Water, Waste & Energy: Prospects for essential services in Africa

We need to imagine what a 21st century African city, town and village should look like. Reimagined smart ecologically sound human settlements need to provide platforms for innovative sustainable essential public services.
Mamphela Ramphele
Co-founder of the ReimagineSA initiative, Co-President of the Club of Rome, Former Chancellor of the University of Cape Town, former Managing Director of the World Bank, Member of the Veolia Institute Foresight Committee

The issue of access to essential services, in particular water, sanitation, waste collection and treatment, and energy supply is at the crossroads of the environmental and societal challenges of the African continent.  The Veolia Institute dedicates a new issue of its review to this subject, with a threefold objective:

  • To understand the importance of essential services for the sustainable development of the continent, through the analysis of demographic dynamics as well as the socio-political, health and environmental contexts up to 2030;
  • To map promising innovations, good practices and pitfalls to be avoided: from service planning to governance, from the potential of decentralized solutions and collaboration with the informal sector to the promises of the circular economy on the continent;
  • To identify the levers for deploying these innovations, in particular new business models and the contribution of digital technology, but also the necessary measurement of the impact of solutions, the key role of user involvement and that of innovative coalitions of stakeholders.

An issue produced in partnership with avec Archipel&Co.




1. Heading towards 2030: outlook and challenges for essential services in Africa

The demographic revolution sweeping modern Africa is primarily urban. Everybody knows that population numbers are rising and with Africa already home to close to 15% of the world’s population, compared to 7% in 1960, it also has the fastest rate of population growth of any region of the world1. Africa’s population is also the world’s youngest: 60% of Africans are aged under 25, compared to 44% in emerging economies, and 80% of its people earn under $5 a day.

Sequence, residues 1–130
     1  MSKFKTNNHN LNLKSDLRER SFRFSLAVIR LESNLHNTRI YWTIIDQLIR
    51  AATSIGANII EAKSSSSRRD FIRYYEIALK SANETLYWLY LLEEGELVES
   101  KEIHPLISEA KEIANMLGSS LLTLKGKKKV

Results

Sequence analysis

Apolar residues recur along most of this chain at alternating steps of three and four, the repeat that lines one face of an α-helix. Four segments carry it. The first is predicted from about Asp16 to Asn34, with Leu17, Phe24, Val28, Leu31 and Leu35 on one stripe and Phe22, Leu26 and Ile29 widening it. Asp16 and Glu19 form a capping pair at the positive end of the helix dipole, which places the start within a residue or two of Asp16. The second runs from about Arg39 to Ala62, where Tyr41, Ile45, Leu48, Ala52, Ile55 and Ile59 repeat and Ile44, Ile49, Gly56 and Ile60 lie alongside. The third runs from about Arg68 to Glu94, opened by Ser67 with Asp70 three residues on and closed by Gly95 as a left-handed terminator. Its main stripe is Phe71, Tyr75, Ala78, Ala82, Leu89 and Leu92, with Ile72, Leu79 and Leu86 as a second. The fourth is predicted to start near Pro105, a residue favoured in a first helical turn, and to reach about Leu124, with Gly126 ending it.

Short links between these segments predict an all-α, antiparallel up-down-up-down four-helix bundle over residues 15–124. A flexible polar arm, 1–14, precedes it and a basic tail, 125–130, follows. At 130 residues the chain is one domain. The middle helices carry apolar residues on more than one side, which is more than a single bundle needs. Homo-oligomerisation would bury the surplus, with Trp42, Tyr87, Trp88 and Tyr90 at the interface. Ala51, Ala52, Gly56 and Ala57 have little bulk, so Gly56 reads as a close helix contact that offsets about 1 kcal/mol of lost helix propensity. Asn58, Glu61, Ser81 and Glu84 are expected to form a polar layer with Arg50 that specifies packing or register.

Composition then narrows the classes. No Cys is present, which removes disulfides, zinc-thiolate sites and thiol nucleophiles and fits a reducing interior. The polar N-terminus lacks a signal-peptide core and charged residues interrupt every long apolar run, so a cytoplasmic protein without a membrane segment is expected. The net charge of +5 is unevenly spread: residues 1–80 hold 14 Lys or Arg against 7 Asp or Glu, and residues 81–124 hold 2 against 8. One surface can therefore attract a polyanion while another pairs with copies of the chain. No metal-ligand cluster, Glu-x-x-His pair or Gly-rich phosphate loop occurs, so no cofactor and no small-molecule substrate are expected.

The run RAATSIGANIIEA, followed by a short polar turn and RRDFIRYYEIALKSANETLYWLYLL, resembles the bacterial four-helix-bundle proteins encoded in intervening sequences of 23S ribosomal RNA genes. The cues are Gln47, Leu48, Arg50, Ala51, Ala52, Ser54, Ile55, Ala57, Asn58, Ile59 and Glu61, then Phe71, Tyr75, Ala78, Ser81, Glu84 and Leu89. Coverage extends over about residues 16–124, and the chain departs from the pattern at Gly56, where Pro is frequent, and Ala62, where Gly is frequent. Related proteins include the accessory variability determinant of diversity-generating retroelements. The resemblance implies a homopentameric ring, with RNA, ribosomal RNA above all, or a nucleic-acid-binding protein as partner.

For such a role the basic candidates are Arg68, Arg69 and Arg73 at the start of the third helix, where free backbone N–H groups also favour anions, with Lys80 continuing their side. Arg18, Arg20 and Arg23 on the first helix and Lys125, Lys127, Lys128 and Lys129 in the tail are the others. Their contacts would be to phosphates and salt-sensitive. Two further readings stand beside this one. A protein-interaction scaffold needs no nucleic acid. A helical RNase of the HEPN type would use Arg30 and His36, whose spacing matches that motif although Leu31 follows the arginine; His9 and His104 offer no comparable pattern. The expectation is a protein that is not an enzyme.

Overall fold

1 It is thought that between 2015 and 2050, half of all worldwide population growth will center on just eight countries, fi ve of them in Africa (United Nations, World Population Prospects, 2016). These eight countries are India, Nigeria, Pakistan, DR Congo, Ethiopia, Tanzania, Indonesia and Uganda

Dr. Ibrahim Assane Mayaki
African Union Development Agency
Philipp Heinrigs
Sahel and West Africa Club Secretariat (SWAC), Organization for Economic Co-operation and Development (OECD)
Martin Oteng-Ababio
University of Ghana
Tatiana Thieme, University College London
Justin De Koszmovszky, Archipel&Co
Pr. Houria Tazi Sadeq
Coalition Marocaine pour l’Eau
Sénamé Koffi Agbodjinou
HubCité project

2. High-potential innovations for a fast-changing continent

Africa, particularly the sub-Saharan regions, has long been handicapped by the prevalence of simplistic images, rooted either in afro-pessimism or over-valuing the leapfrog effect to transform its development gap into new comparative advantages. Countless reports have highlighted this new narrative, depicting an Africa that is digital and innovative, mobile money being an iconic example of this powerful new movement.

David Sheridan, Slum Dwellers International
Mwaura Njogu, Consultant
Andrew Maki, Justice & Empowerment Initiatives (JEI)
Frederick Agyemang, EJP Ghana
Guillaume Josse
Groupe Huit, Wexity-Logiroad
Sylvy Jaglin, Université Gustave Eiffel, LATTS
Emmanuelle Guillou, LATTS
Christophe Maquet
Sam Drabble, Rosemary Campbell, Philip Oyamo, Rosie Renouf

3. Conditions needed for scaling up successfully

There are a number of pitfalls to avoid when talking about innovation. First is not embracing an overly romanticized vision of bottom-up innovations. Then there is the risk of blithely embracing technophilia. Many initiatives remain small scale and might never have the reach needed to overcome the challenges of accessing essential services across Africa. There are a number of seemingly vital success conditions to meet if innovative solutions for accessing services are to see lasting improvement.

Jean-Michel Severino
Investisseurs & Partenaires
Bérangère Magarinos-Ruchat, Firmenich
Maureen Ravily, Archipel&Co
Gordon Achola, EXP Agency
Nana Asamoah-Manu, IFC
Younès Drici Tani, Non-affiliated environmental activist
Andrea Weiss, WWF South Africa
Erin McCusker
Toilet Board Coalition, SATO (Lixil)
Jean-Claude Berthelemy
University Paris 1, FERDI
George Kibala Bauer
Mobile for Development Utilities, GSMA


Key figures and progress on the African continent:

  • 1.5 billion city-dwellers on the continent by 2050

  • Access to water in africa has improved over the past 20 years

  • Slower progress in sanitation

  • Major progress in access to energy, powered by off-grid innovations

  • Waste management: progress needed in the coming years

  • Innovation ecosystems growing strongly across the continent